You're driving in the car, and a song comes on the radio that is so well sung that you start singing it yourself. You get all the confidence you need to belt it out like you yourself were on stage. I won't embarrass myself here by telling you the songs that make me do this, but we all do it sometimes, don't we? It's a release. It's a rush that feels good even after the song ends. Why does this happen?
My hunch is that there are certain songs that are just well written, and performed with such talent, such attention to the sounds, and with such heart that you can't help but be drawn in to them to the point where you feel like you want to sing them, too.
So why am I telling you this?
Well, there's barely 36 hours left of 2014. We've lived a great deal these past 12 months. We've done many important things. I'm glad I've begun to blog with all of you. It's opened up my eyes to teaching in a new way. Listening to your comments online and in person has made me talk to kids differently. It's made me watch lessons in classrooms differently also. Now, more than ever, I'm inspired by teachers I see every day!
Recently, I've watched special education teachers handle difficult situations behaviorally and academically with such finesse that it makes me want to try it out myself. I've heard master teachers have difficult conferences with parents, explaining the difficulties their children are having, reassuring moms and dads that we will be with them all the way in helping their kids through these problems. I've visited schools led by amazing principals in which the hallways cry celebration to the point where I want to go back and revise parts of my own leadership. I've sat in an after-school think tank with some amazing teachers, teaching me about how to bring choice and voice to teaching and learning, and most recently how to create learning communities where risk-taking feels good, and that's made me want to work harder at these myself.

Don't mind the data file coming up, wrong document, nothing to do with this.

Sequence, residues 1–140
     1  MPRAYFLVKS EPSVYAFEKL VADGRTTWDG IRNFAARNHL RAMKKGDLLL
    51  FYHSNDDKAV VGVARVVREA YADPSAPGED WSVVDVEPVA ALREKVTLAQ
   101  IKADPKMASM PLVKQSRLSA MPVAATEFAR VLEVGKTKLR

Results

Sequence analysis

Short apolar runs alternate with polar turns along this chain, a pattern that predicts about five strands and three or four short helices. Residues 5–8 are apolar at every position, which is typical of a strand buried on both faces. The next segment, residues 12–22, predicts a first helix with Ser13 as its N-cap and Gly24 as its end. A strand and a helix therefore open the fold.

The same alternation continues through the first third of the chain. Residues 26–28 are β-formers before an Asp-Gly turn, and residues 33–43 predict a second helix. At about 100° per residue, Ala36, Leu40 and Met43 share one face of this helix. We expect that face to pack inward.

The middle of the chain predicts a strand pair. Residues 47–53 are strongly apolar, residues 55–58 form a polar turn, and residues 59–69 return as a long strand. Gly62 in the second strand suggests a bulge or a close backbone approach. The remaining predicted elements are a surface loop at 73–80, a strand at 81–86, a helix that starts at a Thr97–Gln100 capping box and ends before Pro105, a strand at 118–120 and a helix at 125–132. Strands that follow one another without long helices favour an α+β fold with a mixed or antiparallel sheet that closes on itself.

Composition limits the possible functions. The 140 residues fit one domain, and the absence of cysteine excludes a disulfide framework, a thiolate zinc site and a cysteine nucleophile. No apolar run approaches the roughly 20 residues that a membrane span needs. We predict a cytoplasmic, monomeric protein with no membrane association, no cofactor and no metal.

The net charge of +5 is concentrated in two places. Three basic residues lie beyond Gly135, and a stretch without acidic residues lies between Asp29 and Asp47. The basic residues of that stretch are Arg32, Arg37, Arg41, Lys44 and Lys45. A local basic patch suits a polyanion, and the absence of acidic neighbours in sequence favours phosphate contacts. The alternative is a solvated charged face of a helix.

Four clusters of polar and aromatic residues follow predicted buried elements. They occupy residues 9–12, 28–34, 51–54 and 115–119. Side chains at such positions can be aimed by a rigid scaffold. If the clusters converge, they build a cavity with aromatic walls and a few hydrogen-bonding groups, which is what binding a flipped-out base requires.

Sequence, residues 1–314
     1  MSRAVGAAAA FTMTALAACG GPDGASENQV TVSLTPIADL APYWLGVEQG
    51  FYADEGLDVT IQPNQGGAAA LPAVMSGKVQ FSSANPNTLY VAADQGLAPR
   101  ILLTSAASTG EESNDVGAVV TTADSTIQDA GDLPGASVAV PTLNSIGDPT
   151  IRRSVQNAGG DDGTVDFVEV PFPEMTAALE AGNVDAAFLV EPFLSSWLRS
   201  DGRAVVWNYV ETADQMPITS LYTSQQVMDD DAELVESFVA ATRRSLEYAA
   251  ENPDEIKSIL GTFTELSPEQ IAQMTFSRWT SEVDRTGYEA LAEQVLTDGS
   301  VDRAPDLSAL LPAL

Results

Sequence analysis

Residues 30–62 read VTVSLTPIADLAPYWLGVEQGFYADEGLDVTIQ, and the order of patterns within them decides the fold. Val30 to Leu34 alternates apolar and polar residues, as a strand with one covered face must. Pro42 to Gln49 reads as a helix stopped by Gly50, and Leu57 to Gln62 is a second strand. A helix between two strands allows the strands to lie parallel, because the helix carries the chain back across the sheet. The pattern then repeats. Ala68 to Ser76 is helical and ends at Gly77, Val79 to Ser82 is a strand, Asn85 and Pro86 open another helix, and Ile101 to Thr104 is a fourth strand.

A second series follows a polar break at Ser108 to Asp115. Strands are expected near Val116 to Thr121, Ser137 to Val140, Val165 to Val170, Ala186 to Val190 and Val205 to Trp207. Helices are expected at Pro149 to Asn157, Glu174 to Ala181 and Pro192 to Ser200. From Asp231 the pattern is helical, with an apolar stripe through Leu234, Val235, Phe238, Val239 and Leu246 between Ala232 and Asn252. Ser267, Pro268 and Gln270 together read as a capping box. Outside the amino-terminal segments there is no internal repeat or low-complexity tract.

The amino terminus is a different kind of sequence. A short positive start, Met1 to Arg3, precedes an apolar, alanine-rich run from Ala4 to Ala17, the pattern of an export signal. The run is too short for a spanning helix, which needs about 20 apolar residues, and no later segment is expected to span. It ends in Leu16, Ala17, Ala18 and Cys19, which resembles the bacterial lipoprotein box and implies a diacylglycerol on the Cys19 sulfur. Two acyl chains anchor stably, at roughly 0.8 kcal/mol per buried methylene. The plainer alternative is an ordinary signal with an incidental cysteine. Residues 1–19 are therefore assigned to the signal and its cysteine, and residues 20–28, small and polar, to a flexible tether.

Yes, when we see others create amazing worlds of music, writing, and learning, we are inspired to create also!
When I taught 3rd Grade, I had a student who couldn't participate in music class, because of religious reasons. This meant that we could no longer sing "Happy Birthday to you." We created a new set of birthday traditions, one of which was a literary gift. The literary gift was a way in which someone in the class would honor the birthday person by reading something special.
Today, I leave you with a literary gift also. It's the video of the speech in which Kate DiCamillo accepts the Newbery Award for Flora and Ulysses this past January. I hope you enjoy it, and that you continue to find inspiration for the important work you do every day!